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The views expressed are those of the author and do not necessarily reflect the views of ASPA as an organization.
By Burden Lundgren
December 16, 2014
Last month, I discussed some of the issues associated with screening tests. Because there has been so much controversy about mammography (for breast cancer) and prostate specific antigen (for prostate cancer) screening tests in recent years, I want to devote this column to an examination of some of the issues specific to these two tests.
Let’s start with mammography. The procedure has a somewhat troubled (and troubling) history. The original study was done in 1963 on 62,000 women ages 40-64. Half were assigned to monitoring by breast examination, the others by breast examination and mammography. The breast cancer death rate was 30 percent higher in the women who had not had mammograms.
The study, however, had a serious design flaw. Eleven hundred women had to be dropped because of previous breast cancer diagnoses. Nearly three times as many were dropped from the mammography group as from the control group violating the basic research principle of random selection. Nonetheless, based on the results of this single, questionable study, the National Cancer Institute (NCI) and the American Cancer Society launched a nationwide mammography project for All-American women age 35 and older.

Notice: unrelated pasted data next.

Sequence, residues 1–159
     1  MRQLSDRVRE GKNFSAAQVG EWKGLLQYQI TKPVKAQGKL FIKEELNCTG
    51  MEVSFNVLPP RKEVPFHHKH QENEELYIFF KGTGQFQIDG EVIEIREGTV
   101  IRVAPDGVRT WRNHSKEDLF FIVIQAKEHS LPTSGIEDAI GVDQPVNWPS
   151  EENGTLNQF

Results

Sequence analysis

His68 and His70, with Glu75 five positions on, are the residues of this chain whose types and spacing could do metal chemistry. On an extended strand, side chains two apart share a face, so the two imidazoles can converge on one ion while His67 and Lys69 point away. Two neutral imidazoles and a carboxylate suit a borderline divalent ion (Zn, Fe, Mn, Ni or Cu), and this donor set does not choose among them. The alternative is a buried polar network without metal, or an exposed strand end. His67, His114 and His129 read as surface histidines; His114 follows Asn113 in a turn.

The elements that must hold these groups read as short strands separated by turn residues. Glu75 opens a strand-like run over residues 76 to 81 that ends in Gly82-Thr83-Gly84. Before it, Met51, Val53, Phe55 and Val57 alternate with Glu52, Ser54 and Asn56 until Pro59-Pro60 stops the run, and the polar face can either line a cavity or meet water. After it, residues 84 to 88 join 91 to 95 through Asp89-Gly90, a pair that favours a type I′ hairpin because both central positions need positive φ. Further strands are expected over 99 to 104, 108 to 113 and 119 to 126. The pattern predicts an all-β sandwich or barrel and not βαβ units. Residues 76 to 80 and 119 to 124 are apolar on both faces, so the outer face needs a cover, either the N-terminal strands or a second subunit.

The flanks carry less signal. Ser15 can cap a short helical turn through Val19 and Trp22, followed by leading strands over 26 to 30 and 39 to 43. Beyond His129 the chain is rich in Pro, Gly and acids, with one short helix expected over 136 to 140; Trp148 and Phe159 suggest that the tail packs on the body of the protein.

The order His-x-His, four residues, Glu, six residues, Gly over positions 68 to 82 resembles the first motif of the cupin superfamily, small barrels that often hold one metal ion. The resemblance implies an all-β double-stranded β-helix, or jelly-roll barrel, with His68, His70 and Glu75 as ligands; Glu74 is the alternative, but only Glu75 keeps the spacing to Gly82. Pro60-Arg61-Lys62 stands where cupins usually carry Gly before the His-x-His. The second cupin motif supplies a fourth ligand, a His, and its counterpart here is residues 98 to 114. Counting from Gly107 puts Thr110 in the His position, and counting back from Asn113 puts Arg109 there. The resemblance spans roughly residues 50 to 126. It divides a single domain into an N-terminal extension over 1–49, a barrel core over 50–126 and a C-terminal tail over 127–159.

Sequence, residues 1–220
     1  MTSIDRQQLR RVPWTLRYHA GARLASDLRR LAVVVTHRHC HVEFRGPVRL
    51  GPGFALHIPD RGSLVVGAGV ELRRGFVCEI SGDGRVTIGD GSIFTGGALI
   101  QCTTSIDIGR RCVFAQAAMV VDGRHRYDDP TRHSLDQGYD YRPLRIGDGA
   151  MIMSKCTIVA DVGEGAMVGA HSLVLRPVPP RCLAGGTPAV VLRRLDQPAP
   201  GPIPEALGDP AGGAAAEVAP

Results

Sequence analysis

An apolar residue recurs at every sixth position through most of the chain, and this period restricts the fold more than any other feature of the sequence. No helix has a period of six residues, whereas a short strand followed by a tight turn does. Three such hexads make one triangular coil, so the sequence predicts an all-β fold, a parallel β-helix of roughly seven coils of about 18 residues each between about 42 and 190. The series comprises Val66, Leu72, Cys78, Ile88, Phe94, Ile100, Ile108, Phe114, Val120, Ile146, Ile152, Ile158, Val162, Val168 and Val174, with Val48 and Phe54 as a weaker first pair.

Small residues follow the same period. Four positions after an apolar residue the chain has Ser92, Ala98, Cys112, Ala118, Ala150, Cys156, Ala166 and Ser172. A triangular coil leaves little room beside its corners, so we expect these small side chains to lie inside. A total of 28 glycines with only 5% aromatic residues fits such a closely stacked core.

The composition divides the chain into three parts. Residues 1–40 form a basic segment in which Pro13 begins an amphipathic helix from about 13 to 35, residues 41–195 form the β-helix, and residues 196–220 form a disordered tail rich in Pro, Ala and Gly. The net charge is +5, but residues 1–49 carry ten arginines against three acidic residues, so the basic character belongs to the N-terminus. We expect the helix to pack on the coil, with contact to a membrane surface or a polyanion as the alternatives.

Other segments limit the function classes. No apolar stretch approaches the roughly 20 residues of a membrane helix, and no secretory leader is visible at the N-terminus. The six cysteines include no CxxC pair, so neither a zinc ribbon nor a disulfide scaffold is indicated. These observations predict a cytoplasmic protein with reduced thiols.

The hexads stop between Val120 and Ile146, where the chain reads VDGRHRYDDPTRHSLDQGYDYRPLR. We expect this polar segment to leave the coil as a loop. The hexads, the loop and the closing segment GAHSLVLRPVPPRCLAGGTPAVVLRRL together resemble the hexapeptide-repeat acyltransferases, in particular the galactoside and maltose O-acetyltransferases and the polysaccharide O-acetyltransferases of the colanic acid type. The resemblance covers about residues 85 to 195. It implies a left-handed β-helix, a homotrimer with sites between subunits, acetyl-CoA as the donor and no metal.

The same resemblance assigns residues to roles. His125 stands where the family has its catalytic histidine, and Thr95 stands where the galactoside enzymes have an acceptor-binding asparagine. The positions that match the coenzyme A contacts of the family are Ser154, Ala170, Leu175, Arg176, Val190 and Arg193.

As the procedure spread, it was plagued with reports of radiation overdoses, poor images and inaccurate readings. By 1988, there were five European studies reporting no benefit. When asked about advising women regarding the conflicting studies, an NCI representative stated “We didn’t want women to be confused.”
But it is confusing. Even if we choose to believe that mammography saves lives, there is another issue. Every year, mammography identifies 40,000 women who have ductal carcinoma in situ (DCIS). Eighty percent of these lesions will never cause a health problem, but, since we cannot sort out the problematic 20 percent, 32,000 women are unnecessarily treated for breast cancer – treatment that includes toxic drugs and tissue-damaging radiation.